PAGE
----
So now we know what killed Prince. He died trying to control the pain in his hips that had become chronically damaged through years of jumping, hyperextending them on stage and running around wearing high heels. Rather than using conventional painkillers such as paracetamol and non-steroidal anti-inflammatory drugs, the usual bedrock of treatment in such cases, he self-administered the powerful opioid drug fentanyl that then rapidly shut down his breathing, leaving him dying alone in a lift in his Paisley Park studio.
The irony is that, while Prince was notorious for being teetotal and anti-drugs (his rules applied to anyone entering his building), he gave himself a drug that is 80 to 100 times more potent than morphine and 40 to 50 times more potent than pharmaceutical grade, or 100 per cent pure, heroin. Used as an anaesthetic in the 1960s, it was introduced for more widespread clinical use in the mid-1990s, and is now thought to be the most commonly used synthetic opioid in clinical practice. Unfortunately, along with its dramatic potency comes significant risk. Just as with all other opioid drugs, fentanyl can suppress the breathing centres in the brain, especially in someone who is either not used to taking it, or who catastrophically misjudges the dose being taken. Standard practice is that it is not prescribed for someone who has not taken opioid drugs before and even then only extremely carefully.
If reports are to be believed, Prince was flirting very dangerously with opiate drugs and their effects. Several American media outlets reported shortly before his death that he had been struggling with painkiller addiction — and fentanyl is at the top of this particular league — as well as having been treated with the drug Narcan, usually used to reverse the effects of overdoses of opioids. He had also reportedly been using a walking stick to help him with his hip problem, although he was never seen in public using it.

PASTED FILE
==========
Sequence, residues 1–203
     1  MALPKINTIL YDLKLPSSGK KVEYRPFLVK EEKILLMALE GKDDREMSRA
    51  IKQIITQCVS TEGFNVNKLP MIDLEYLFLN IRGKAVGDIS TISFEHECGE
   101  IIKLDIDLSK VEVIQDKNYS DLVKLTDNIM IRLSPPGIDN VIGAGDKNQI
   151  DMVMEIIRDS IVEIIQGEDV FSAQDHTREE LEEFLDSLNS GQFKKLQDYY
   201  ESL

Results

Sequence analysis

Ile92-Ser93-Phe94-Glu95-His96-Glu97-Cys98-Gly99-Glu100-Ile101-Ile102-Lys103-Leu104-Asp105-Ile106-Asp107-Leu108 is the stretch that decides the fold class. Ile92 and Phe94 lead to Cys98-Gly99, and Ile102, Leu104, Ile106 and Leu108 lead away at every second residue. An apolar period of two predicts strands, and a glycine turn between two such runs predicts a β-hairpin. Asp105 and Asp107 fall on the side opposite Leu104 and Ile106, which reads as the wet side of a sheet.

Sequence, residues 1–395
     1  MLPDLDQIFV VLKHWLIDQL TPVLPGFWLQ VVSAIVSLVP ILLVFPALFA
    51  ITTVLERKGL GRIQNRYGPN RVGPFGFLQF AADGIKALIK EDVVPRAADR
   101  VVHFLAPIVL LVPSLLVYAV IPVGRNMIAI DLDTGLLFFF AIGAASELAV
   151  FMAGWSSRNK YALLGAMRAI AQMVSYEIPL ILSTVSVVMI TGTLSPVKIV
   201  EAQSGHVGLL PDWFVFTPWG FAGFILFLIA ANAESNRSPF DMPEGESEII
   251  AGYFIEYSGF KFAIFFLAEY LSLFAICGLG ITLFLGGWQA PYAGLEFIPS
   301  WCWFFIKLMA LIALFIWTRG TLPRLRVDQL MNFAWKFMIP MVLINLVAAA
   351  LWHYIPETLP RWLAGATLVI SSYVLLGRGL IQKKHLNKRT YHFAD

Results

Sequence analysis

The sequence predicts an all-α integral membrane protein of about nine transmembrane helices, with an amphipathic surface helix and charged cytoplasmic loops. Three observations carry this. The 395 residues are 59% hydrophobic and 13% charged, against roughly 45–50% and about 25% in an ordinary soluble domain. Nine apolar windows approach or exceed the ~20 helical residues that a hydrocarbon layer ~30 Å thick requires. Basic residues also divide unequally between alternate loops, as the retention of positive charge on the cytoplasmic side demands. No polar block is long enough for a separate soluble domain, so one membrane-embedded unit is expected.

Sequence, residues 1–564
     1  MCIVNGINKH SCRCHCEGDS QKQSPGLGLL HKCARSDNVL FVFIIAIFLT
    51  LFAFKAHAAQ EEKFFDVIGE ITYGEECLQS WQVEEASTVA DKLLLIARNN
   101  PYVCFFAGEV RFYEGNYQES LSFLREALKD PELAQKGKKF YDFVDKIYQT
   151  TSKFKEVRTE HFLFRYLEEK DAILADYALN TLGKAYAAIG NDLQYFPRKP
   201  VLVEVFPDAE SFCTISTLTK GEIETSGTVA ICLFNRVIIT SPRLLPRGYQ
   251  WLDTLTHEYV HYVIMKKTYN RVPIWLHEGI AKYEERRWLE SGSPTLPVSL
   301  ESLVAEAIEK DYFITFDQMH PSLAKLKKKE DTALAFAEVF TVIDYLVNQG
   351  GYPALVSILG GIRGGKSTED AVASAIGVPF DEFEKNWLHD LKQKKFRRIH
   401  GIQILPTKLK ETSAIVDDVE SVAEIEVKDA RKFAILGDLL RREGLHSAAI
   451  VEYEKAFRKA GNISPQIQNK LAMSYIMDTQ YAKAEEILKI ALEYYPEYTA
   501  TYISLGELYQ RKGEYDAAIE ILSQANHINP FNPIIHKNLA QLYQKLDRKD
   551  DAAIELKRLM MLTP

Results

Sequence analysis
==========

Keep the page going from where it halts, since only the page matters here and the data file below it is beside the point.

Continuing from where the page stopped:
Unlike the long list of rock stars who succumbed to the effects of opioid drugs used for recreational purposes, Prince appears to have either gradually developed an increasing tolerance and need for fentanyl over some time, or accidentally got his dosage wrong with catastrophic consequences. Unfortunately he’s not alone. Unintentional fentanyl overdoses appear to be steadily increasing and in America alone in late 2013 and 2014 over 700 fentanyl-related overdoses were reported to the Drug Enforcement Agency.
As far as street drugs are concerned, fentanyl is usually cheaper than heroin and so drug dealers often lace heroin with it to boost their profits, creating a potentially lethal mix in the process to unwary users. Opioid addicts often prefer fentanyl alone, as it gives a very rapid high and is so powerful, but are playing with their lives whenever they take it.
When used correctly in a clinical setting it can be a source of huge comfort to patients (such as those suffering cancer pain, for example), but Prince has highlighted the other side of opioids in the most extreme way possible. This king of trend-making music fell victim to a different trend, this time from a medicine packet.